Friday 30 September 2016

New flights to Iran help ancient destination come in from the cold

BA to fly daily this winter

Sarah Marshall

Published 16/09/2016 | 01:00

Ganjali Khan Mosque, Kerman Province, Iran.
Ganjali Khan Mosque, Kerman Province, Iran.
Lake of Taleghan Dam, Iran
Qom City, Hazrat-e Masumeh (Holy Shrine)

With major airlines launching new flights to Iran, Sarah Marshall looks at how a once off-limits destination is opening up.

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It was once considered out of bounds, but British Airways' decision to launch direct flights positions Iran as one of the hottest destinations to visit in 2017.

"Our data shows Iran is already on the radar as the UK's second most affordable long-haul country to fly to after the UAE," says Andrew Shelton, managing director at Cheapflights.co.uk.

"Now British Airways is back in Iran, other airlines may follow - Air France relaunched their service in April this year - and flight prices may fall further."

BA's Tehran flights will operate daily from London Heathow this winter.

The reopening of the Iranian embassy in London, lifting of sanctions, and the relaxing of travel advisories earlier this year have already resulted in rising bookings.

Qom City, Hazrat-e Masumeh (Holy Shrine)
Qom City, Hazrat-e Masumeh (Holy Shrine)

G Adventures (gadventures.com), which offers a 14-day Discover Persia tour from £1,599/€1,889pp (land only), has reported that sales are up 200pc year-on-year.

Rachel Wasser, the company's global product manager, cites "magnificent mosques, diverse history and unrivalled hospitality" as drawcards for the country.

Admittedly, access to Iran is still restricted, making escorted group tours the easiest option for travel. British citizens do require a tour guide, although this doesn't necessarily have to be one approved by the state (as is the case for Americans). Brits also have the freedom to use Iran's public transport.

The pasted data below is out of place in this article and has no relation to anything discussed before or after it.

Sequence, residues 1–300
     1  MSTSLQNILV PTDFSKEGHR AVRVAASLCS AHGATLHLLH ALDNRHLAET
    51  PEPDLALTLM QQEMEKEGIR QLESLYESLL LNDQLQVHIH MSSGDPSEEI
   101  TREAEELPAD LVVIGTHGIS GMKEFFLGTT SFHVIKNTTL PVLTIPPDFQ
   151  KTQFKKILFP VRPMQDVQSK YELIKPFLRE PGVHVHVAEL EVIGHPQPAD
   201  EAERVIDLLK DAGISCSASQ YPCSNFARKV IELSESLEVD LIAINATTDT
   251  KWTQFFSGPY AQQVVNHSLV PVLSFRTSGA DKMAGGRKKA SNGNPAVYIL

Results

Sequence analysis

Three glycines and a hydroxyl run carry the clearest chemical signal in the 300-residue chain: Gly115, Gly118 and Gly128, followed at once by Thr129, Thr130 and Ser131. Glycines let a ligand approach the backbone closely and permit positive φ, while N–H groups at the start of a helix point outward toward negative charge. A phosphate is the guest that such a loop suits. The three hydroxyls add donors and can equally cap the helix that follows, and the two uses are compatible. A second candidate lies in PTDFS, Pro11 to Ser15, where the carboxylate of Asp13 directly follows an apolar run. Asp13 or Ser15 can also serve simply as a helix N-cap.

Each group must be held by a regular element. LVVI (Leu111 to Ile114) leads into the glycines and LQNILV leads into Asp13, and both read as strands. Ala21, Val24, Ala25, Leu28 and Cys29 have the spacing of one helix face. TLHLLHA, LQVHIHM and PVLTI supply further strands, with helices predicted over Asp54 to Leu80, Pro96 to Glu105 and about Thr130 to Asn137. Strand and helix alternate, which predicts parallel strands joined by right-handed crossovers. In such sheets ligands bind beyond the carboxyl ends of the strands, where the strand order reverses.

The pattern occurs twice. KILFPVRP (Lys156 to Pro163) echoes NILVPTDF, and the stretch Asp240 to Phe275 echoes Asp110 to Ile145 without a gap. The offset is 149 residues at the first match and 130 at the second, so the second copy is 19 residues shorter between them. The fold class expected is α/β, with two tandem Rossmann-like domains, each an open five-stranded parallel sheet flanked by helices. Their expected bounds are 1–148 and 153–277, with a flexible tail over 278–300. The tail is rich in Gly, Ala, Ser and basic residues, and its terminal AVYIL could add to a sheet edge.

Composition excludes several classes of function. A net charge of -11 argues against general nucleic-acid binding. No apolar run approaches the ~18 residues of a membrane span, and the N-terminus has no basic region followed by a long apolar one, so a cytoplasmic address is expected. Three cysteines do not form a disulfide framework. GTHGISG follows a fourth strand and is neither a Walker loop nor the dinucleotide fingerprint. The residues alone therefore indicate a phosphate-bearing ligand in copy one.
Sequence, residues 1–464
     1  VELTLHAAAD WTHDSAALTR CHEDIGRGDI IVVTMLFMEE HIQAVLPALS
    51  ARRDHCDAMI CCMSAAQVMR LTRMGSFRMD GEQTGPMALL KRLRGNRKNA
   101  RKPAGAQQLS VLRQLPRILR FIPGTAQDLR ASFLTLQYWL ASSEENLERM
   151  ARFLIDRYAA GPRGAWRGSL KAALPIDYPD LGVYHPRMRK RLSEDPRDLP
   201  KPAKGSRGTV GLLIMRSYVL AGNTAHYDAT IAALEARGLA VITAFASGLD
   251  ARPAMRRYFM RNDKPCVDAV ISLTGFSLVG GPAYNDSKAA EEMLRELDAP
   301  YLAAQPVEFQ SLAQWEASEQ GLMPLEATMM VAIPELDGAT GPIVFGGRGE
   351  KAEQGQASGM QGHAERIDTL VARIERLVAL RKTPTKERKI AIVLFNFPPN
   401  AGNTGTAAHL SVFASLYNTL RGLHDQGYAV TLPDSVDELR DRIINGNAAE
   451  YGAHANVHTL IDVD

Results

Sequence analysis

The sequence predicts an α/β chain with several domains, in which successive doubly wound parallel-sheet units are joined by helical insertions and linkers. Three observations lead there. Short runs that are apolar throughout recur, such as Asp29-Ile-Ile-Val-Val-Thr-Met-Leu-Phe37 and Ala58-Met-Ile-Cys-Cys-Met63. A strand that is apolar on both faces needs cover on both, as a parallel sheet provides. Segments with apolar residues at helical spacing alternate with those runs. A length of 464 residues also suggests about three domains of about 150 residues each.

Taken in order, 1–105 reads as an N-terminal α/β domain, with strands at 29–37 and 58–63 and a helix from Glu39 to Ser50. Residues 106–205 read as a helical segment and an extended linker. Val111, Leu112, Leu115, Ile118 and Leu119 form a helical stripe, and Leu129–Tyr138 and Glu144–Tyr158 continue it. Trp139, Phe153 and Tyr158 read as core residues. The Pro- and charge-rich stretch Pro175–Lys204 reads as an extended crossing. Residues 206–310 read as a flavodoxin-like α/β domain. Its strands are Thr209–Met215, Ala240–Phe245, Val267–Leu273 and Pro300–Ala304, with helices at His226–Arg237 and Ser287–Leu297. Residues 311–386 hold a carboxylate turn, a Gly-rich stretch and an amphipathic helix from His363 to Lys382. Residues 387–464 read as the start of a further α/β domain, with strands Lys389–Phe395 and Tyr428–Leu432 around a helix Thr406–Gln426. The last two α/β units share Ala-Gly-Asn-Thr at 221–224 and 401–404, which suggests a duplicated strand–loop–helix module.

Meanwhile, Irish visitors are advised to exercise "a high degree of caution" in Iran by the Department of Foreign Affairs & Trade. Tourist visas are granted through the Iranian consulate in Dublin (72 Mount Merrion Ave., 01 288-0252; €40).

Usit (usit.ie) and Sunway (sunway.ie) are among the Irish tour operators offering travel packages to Iran, with 14-day prices from €1,754pp (Usit).

Although Iran continues to be the focus of ongoing controversy, an agent with the direct-to-local Evaneos travel platform (evaneos-travel.com) Fatemeh, says:

Lake of Taleghan Dam, Iran
Lake of Taleghan Dam, Iran
Ganjali Khan Mosque, Kerman Province, Iran.

"While it is no secret that a number of its neighbouring countries are experiencing varying degrees of instability, Iran itself has remained a very safe place, and there is no reason why tourists should feel that a trip here poses them any sort of threat."

Instead, she says the main challenge facing the country is meeting demand for hotel rooms - although increasingly tours are incorporating homestays.

Regent Holidays (regent-holidays.co.uk) for example, which has been running trips to Tehran for several years, include nights in local houses as part of the 14-day Highlights of Northern Iran tour, starting from £3,385/€3,999pp with flights.

In the next 12 months, tourism is set to grow in Iran, and the chances are more tours and flight routes will soon follow.

- PA, with additional reporting by Pól Ó Conghaile.

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